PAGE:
Egyptian Prime Minister Mostafa Madbouly said Egypt does not oppose Ethiopia's development goals that depend on its Blue Nile Dam, but without inflicting harm on the interests of both downstream countries; Egypt and Sudan.
Egypt and Sudan's stance concerning this issue is "based on preserving the historical rights and the interest of the two countries, in a way that does not harm the interests of [our] brothers in Ethiopia," said Madbouly on Thursday at a Joint press briefing with his Sudanese counterpart Abdalla Hamdok in Cairo.
"These are our policies and fundamentals, we are not against development in Ethiopia, [but rather] we support it, but without harming the interests of Egyptian and Sudanese people," he stressed.
The Egyptian PM expressed concerns over Ethiopia's intentions in going ahead with filling the dam reservoir for the second year, without coordination with both downstream countries.
"We hope our brothers in Ethiopia will respond in the [up]coming period to reach a consensual track and a decisive solution for this issue," he added.
Concurring with Madbouly, Hamdok stressed the importance of reaching an "understanding" by which the dam issue is addressed without causing any harm to the three countries and in a way that fulfills their aspirations and interests.
"Last year, we witnessed the unilateral filling of the dam that took place in July, we also know that there is a tendency from Ethiopia to fill the dam next July, and this allows [us] a very short time to deal with the matter," added Hamdok, who arrived in Egypt earlier today for a 2-day official visit.
He expressed his hope in that the three countries can reach - during this short period - a consensus on the filling method and reach an agreement that allows this step.
Hamdok heads a high level delegation during the two-day visit, which includes Sudanese Minister of Foreign Affairs Mariam Al-Sadek Al-Mahdi, Minister of Irrigation Yasser Abbas in addition to, the head of Sudan's general intelligence as well as the ministers of health, planning, finance and international cooperation.
The visit comes days after President Abdel-Fattah El-Sisi's visit to Khartoum earlier this week for talks with the Sudanese PM and Abdel-Fattah Al-Burhan, the Head of the country's Transitional Sovereign Council, on the latest in bilateral cooperation and the stalled negotiations on the GERD dispute.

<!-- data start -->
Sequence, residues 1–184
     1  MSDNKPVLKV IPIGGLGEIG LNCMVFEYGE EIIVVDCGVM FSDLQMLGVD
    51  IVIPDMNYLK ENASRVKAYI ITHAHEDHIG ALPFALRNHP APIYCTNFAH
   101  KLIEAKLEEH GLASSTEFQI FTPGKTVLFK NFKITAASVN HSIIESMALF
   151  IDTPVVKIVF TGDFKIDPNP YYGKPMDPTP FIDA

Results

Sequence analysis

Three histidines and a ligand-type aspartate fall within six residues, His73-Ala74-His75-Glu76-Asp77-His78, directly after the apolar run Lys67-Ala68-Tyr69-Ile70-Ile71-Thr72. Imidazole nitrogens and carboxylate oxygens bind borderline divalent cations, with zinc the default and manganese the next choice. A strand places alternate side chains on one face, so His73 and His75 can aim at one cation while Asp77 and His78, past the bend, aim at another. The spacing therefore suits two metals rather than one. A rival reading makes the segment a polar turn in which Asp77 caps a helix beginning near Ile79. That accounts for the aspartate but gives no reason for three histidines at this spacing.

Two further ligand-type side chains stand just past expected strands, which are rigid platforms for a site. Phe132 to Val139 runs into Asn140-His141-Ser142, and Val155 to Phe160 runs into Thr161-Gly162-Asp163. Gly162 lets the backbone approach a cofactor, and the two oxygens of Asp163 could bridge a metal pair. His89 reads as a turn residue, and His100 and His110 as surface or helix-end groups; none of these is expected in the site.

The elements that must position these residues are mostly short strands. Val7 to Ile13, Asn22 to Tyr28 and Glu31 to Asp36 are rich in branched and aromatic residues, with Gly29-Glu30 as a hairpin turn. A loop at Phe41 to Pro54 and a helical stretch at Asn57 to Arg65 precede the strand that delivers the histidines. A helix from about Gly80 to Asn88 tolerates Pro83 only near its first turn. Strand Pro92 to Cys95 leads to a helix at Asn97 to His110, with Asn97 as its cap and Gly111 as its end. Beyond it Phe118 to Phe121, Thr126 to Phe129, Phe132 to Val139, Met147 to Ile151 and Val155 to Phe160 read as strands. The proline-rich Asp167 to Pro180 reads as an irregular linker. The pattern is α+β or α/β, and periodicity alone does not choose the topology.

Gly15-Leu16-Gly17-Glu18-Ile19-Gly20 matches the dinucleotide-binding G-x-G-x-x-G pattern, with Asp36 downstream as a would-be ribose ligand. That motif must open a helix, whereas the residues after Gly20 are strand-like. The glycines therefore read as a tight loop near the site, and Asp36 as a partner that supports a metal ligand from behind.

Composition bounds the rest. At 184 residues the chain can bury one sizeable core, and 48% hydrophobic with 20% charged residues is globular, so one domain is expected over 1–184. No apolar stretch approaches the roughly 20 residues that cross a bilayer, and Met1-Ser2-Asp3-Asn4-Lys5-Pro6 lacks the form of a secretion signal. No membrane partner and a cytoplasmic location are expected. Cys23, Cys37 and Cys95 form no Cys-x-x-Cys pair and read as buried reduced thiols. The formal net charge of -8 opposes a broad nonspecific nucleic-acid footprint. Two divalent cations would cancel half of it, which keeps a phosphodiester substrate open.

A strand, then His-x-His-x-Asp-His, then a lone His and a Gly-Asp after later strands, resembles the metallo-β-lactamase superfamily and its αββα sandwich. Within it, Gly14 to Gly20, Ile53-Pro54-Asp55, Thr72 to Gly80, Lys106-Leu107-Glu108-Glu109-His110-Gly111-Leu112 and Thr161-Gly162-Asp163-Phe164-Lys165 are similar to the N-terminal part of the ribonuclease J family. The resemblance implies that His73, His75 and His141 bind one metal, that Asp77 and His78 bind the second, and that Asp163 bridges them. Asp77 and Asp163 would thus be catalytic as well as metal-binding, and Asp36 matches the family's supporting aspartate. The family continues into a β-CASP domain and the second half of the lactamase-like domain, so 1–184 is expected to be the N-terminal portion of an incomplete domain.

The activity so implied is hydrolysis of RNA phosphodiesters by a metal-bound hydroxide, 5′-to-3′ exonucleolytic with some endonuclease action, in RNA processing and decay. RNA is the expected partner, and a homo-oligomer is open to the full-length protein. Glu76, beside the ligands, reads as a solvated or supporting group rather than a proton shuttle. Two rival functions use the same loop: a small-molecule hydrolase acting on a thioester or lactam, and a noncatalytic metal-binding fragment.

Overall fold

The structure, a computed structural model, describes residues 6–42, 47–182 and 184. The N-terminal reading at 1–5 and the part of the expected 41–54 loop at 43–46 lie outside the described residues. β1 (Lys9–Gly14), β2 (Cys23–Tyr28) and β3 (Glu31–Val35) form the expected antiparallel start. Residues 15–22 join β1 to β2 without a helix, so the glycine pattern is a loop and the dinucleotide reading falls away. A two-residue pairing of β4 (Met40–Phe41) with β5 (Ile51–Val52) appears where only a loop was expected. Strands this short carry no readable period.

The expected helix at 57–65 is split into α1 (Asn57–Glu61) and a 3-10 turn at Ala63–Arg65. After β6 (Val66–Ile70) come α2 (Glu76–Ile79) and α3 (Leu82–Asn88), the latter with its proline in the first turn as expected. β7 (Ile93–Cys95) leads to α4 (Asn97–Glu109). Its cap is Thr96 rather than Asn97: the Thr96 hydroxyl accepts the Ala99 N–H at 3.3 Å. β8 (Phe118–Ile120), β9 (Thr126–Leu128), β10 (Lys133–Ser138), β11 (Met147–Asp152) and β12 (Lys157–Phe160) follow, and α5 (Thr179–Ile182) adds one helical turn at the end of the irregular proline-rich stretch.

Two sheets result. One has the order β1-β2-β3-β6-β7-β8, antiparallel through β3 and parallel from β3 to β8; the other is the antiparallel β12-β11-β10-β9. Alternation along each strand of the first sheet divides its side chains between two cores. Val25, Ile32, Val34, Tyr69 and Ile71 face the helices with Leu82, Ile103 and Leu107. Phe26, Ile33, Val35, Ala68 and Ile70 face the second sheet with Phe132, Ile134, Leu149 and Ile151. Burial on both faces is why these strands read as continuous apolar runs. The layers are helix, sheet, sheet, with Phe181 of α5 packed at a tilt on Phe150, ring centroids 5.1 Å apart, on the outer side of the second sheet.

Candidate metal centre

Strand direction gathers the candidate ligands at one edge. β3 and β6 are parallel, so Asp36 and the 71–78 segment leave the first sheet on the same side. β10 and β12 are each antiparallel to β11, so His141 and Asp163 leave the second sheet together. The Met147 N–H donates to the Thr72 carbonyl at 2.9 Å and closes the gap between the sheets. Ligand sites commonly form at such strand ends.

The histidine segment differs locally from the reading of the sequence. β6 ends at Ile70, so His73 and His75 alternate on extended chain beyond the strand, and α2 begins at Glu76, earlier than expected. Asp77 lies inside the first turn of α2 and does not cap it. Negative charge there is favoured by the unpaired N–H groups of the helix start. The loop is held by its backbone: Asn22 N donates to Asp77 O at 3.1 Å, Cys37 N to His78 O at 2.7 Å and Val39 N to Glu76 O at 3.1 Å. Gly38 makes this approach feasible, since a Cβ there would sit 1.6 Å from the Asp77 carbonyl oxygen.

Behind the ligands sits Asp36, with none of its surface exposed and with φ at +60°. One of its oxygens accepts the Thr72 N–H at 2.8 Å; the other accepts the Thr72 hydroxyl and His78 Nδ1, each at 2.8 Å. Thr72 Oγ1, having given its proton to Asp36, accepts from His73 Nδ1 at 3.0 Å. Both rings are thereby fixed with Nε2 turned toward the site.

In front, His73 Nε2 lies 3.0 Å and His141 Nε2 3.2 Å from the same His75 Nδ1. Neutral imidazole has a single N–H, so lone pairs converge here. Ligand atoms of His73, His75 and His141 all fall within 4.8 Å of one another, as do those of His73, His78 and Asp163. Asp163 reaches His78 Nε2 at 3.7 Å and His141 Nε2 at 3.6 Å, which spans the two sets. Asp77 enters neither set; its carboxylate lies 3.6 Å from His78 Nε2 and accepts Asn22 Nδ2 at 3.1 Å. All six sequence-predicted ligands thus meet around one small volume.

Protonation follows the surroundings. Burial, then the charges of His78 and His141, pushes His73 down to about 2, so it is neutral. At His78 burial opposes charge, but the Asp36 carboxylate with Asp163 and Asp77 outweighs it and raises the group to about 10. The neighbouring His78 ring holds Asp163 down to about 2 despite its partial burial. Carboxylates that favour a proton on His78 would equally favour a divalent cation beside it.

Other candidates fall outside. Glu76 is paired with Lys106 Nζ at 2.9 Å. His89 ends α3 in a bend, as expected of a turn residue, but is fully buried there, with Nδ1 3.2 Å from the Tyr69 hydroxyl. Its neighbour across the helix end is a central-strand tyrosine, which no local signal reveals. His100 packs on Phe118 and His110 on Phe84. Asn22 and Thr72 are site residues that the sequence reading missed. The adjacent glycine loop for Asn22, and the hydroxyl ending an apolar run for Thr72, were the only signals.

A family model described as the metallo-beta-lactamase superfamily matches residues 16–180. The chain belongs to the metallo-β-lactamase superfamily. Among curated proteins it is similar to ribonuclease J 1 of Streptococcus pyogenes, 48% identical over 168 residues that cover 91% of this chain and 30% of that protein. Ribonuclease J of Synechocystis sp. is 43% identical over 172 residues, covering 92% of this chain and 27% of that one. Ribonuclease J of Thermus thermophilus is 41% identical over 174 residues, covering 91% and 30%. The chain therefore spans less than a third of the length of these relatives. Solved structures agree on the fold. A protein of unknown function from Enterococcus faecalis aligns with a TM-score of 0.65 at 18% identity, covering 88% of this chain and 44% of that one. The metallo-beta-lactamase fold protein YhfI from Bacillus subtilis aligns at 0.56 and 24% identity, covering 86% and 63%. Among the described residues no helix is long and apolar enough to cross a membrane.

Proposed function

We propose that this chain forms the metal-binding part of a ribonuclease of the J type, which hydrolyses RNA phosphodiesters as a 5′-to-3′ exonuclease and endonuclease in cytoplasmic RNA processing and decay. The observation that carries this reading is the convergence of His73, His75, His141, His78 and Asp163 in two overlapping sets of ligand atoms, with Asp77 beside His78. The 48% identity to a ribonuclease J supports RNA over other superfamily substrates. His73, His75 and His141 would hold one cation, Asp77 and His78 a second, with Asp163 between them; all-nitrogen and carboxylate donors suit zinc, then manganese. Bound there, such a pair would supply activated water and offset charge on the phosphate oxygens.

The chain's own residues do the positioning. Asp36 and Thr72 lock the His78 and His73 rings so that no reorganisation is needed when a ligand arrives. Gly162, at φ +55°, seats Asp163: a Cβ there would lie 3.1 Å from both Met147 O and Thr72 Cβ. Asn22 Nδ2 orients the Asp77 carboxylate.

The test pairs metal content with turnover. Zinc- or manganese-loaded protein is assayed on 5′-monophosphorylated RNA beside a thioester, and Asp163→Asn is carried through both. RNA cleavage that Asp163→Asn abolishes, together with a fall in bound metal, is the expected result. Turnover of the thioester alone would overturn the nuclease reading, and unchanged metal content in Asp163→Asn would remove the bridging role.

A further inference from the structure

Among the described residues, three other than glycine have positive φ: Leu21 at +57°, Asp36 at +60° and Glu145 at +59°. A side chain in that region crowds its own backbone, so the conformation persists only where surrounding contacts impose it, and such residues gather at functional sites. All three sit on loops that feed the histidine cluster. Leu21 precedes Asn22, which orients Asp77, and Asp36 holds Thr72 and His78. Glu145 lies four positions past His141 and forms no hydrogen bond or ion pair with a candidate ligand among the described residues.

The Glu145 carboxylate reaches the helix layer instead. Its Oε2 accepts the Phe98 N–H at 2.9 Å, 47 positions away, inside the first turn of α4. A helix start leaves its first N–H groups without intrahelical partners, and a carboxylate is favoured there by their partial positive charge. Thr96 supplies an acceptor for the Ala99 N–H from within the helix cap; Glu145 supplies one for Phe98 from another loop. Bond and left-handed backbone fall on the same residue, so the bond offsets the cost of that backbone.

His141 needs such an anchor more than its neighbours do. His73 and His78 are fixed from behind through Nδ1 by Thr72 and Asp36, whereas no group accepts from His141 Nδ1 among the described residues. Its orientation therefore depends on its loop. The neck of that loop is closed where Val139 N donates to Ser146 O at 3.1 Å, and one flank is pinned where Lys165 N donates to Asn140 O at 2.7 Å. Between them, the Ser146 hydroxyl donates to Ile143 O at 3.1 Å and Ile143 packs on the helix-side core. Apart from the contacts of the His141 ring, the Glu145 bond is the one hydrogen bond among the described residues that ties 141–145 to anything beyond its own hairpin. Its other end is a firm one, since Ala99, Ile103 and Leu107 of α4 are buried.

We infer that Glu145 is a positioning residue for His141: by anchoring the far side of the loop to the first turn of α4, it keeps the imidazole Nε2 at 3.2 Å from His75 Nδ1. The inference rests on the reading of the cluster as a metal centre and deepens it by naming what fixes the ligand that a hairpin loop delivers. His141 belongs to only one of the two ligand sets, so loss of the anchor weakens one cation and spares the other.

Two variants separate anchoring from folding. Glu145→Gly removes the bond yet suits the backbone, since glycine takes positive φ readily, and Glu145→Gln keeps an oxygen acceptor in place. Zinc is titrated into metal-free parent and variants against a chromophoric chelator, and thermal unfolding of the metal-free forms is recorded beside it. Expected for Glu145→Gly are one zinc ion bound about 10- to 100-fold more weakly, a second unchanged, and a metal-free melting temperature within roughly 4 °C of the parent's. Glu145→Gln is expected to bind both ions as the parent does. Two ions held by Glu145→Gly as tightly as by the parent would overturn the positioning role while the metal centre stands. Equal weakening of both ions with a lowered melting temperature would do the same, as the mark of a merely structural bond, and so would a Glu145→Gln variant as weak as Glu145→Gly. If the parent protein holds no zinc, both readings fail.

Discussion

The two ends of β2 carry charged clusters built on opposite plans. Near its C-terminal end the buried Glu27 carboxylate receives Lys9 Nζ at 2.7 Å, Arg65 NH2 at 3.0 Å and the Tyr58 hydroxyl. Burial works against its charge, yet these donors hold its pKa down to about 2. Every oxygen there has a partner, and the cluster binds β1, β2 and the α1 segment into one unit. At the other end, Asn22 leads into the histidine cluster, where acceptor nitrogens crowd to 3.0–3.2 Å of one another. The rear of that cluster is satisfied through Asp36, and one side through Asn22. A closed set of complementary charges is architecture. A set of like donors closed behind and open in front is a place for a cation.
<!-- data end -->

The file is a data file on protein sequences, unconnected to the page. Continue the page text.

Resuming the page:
Negotiation between the three countries over the near complete hydropower project has been stalled since January over objections, from Sudan, on the methodology upon which the African Union (AU)-led talks had been held.
The AU, under the presidency of South Africa, tried over the past year to help the three countries reach an agreement over the long-running dispute, with the last round being stalled in January due to Khartoum's withdrawal from the meetings in objection to negotiation methodology.
However, endeavours to relaunch the talks were renewed with the Democratic Republic of Congo (DRC) chairing the AU in February.
Khartoum has proposed forming a quartet committee, involving representatives from the United Nations (UN), the US, and the European Union (EU), to mediate the talks under the supervision of the DRC.
Ethiopia officially rejected the Sudanese proposal last week claiming that inviting other parties as mediators in the decade-long GERD negotiations is "demeaning" to African Union efforts, the current mediator of the talks.
The efforts to resolve the crisis comes amid worries over controversial plans by Addis Ababa to complete the second filling in July without first reaching an agreement with Cairo and Khartoum.
Addis Ababa announced last summer it had completed the initial filling with 4.9 billion cubic metres of Blue Nile water in the GERD’s reservoir, while it announced plans to embark on the second phase of filling in July.